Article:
Source: Glen Arnold, Ohio State University

Strong thunderstorms last weekend across northern Ohio caused resulted in hail damage in wheat fields. Wheat is in the boot stage in northern Ohio with head emergence expected soon.

Joe Lauer, University of Wisconsin Corn Agronomist has an information sheet on hail damage in small grains here.

Joe Lauer writes "The kind of damage and amount of loss due to hail is determined in part by the crop growth stage. Before jointing, small grains are least susceptible to hail damage. The spike is still below ground and protected from injury. Hail damage occurring during jointing or the boot stage is difficult to assess. Spikes can still pollinate and fill, and regrowth from new tillers can occur. The greatest yield reduction from hail damage occurs in the milk stage near Zadoks 75 (Busch, 1975). Hail damage occurring at other growth stages from boot to ripe kernels (Zadoks 45 to 90) is variable and further influenced by environmental conditions following the hail damage (Afanasiev, 1967).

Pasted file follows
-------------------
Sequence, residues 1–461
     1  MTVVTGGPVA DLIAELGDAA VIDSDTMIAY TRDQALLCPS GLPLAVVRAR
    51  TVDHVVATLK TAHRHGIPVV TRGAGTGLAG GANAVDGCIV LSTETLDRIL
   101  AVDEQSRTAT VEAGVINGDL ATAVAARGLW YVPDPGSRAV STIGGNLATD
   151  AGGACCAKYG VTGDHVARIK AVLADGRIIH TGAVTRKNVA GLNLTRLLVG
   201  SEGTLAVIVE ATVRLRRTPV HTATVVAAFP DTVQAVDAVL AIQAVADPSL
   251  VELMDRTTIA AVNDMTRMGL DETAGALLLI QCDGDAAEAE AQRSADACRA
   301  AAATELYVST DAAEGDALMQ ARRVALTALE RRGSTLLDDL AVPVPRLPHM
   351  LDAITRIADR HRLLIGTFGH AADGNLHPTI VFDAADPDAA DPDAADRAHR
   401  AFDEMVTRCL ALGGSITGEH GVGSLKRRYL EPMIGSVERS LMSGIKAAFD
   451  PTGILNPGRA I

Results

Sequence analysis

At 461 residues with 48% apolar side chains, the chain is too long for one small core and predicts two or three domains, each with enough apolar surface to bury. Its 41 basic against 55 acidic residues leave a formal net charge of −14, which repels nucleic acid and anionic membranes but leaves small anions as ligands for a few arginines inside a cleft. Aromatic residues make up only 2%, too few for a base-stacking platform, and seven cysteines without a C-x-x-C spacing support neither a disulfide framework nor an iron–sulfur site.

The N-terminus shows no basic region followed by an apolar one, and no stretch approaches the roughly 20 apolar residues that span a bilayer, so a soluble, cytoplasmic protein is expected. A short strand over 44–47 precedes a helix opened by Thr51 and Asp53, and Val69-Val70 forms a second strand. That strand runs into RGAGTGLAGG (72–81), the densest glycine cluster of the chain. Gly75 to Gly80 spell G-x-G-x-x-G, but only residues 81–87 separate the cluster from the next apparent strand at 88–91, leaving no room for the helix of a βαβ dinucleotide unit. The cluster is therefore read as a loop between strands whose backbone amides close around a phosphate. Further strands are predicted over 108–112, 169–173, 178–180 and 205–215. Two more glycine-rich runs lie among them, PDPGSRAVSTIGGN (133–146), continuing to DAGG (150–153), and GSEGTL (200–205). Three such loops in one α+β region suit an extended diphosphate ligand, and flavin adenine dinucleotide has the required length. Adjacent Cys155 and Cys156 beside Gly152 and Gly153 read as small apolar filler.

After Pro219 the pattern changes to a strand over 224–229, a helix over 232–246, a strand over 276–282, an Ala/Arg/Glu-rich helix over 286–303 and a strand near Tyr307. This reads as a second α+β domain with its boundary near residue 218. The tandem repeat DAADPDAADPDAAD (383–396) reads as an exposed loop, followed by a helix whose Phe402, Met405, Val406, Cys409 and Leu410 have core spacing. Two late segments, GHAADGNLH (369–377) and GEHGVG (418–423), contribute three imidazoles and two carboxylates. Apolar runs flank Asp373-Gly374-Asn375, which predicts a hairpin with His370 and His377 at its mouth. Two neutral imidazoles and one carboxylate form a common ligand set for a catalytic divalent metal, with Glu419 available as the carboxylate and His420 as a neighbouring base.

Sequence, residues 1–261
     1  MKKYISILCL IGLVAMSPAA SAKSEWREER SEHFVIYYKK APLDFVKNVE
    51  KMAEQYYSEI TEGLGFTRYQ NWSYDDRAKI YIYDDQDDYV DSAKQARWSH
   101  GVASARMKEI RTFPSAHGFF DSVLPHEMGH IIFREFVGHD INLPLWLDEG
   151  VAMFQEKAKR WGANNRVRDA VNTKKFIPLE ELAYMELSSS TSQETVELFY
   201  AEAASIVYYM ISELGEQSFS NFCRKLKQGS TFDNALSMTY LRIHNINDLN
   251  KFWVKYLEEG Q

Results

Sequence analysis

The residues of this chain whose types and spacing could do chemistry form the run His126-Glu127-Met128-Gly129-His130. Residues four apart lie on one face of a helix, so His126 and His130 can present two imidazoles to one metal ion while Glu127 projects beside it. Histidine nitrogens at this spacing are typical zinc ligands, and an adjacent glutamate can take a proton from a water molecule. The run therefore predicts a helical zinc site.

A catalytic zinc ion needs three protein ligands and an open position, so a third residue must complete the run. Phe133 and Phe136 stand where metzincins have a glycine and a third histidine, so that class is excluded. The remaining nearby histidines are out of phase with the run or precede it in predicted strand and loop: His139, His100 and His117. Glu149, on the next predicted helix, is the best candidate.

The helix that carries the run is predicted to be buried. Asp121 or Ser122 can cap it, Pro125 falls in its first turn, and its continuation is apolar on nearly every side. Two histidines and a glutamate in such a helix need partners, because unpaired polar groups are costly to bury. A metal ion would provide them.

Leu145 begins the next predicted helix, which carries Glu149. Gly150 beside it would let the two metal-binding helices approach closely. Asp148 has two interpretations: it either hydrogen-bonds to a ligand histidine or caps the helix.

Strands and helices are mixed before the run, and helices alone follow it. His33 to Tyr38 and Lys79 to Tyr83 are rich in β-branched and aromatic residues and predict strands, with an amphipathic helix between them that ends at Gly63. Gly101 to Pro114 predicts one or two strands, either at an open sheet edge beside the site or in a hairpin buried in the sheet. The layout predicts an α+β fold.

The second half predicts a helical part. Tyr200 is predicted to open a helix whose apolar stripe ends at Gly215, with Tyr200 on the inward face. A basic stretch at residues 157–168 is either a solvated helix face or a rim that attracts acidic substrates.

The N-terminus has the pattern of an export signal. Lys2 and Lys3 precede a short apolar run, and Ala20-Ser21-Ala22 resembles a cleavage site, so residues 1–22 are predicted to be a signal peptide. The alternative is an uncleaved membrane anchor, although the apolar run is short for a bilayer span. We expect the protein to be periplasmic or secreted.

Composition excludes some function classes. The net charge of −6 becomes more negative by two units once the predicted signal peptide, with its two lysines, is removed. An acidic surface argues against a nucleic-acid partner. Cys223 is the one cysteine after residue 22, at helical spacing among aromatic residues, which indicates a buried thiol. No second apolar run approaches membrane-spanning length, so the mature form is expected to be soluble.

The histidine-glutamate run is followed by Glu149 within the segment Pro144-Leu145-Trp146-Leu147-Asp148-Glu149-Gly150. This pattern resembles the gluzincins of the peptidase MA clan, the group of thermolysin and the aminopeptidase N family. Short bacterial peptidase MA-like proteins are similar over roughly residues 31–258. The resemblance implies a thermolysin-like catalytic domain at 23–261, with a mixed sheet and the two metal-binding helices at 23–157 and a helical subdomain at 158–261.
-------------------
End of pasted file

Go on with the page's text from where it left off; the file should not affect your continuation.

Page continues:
"Let the crop recover for 5 to 7 days before assessing the remaining small grain stand. Adequate time does remain for planting soybeans or some other alternative crop, if the small grain stand is no longer economically viable.”